12 Years a Prosecutor, No More
An Open Letter to Los Angeles District Attorney Jackie Lacey
Madam District Attorney Jackie Lacey,
Reluctantly, I’m tendering my letter of resignation.
I’ve worked in this office for 12 years. When I interviewed for this job with your predecessor, Steve Cooley, he told me that I had one main job as a deputy district attorney: Do the right thing.
His statement strongly resonated with me because I personally understood the contentious relationship between the Black community and the criminal justice system. Not fully sold on taking the job when I received my offer, I spoke to Black prosecutors who were close friends of mine about their own experiences. I also asked them for their advice on what I should do. They told me, unequivocally, to take the job because righteous Black prosecutors are sorely needed to inspire greater confidence in the criminal justice system. They told me that prosecutors had the power to do a lot of good.
And so, I took the job.
I first met you at the end of my first year in the office. We had a big celebration and you approached me, calling out my name. With more than 1,000 deputy district attorneys in the office, I was impressed that you knew who I was. You congratulated me on completing my first year and told me that you were personally responsible for getting me hired. You said that there were people in the office who didn’t want to give me an offer because they thought that I’d reject it; they felt that I was “overqualified.” You used your power and influence to get them to extend an offer, confident that I’d accept it. When I heard that story, I immediately felt comfortable about my role as a prosecutor.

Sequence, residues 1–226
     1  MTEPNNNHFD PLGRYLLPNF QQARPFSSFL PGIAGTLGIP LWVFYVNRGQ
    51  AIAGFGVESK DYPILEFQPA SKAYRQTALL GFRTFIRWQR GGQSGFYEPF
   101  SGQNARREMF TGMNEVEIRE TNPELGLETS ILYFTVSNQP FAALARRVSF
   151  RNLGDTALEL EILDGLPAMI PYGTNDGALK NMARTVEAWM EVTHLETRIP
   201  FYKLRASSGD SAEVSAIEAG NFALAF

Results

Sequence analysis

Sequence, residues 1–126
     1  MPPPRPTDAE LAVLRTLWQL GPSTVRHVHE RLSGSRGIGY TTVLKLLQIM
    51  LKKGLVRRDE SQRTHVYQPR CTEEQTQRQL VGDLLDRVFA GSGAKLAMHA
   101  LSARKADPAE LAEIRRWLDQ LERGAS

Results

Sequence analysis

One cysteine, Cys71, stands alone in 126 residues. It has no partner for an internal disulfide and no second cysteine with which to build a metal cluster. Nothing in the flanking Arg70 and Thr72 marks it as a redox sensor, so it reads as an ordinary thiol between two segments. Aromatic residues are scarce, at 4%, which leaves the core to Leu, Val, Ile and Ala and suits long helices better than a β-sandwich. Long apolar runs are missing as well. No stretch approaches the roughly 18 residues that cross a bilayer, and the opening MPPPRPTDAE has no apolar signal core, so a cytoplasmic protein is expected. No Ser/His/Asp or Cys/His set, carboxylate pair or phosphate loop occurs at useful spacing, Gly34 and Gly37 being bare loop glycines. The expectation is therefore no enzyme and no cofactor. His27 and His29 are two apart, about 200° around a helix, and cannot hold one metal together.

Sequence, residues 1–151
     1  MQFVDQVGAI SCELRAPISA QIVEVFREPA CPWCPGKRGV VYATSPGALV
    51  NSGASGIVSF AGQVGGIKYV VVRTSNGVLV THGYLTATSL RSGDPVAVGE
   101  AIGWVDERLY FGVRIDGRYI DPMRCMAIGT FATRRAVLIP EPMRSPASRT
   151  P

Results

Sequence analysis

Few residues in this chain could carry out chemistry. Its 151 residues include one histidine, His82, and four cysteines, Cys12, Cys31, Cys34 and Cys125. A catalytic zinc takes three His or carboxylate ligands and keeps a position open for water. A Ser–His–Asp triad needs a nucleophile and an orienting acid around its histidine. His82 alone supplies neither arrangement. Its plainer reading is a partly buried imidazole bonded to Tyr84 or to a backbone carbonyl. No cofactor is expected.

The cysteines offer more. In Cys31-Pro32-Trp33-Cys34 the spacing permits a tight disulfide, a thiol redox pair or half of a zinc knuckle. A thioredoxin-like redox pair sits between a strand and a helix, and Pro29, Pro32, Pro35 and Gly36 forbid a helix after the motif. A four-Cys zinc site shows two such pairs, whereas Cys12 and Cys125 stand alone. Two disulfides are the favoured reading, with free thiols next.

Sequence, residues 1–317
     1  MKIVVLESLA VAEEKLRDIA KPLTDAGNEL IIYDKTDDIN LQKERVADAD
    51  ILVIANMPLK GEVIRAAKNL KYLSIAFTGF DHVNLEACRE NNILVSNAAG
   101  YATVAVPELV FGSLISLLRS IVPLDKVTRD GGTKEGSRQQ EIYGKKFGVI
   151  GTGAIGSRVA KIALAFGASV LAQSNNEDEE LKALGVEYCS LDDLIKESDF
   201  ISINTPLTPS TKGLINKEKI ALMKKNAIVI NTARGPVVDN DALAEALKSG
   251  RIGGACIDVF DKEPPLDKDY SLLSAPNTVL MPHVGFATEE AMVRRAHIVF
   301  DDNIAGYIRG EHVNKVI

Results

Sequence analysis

I was also buoyed by your rapid ascension to become the District Attorney. When you were first elected, I was ecstatic because I felt that real change would happen on so many levels. I remember when many of my colleagues denigrated you during that election, citing your lack of jury trial experience and management expertise. Many of these comments, made by people who now support you, were rooted in racism and sexism.
When you were elected, I didn’t outwardly gloat because I was so satisfied with your victory as the first African…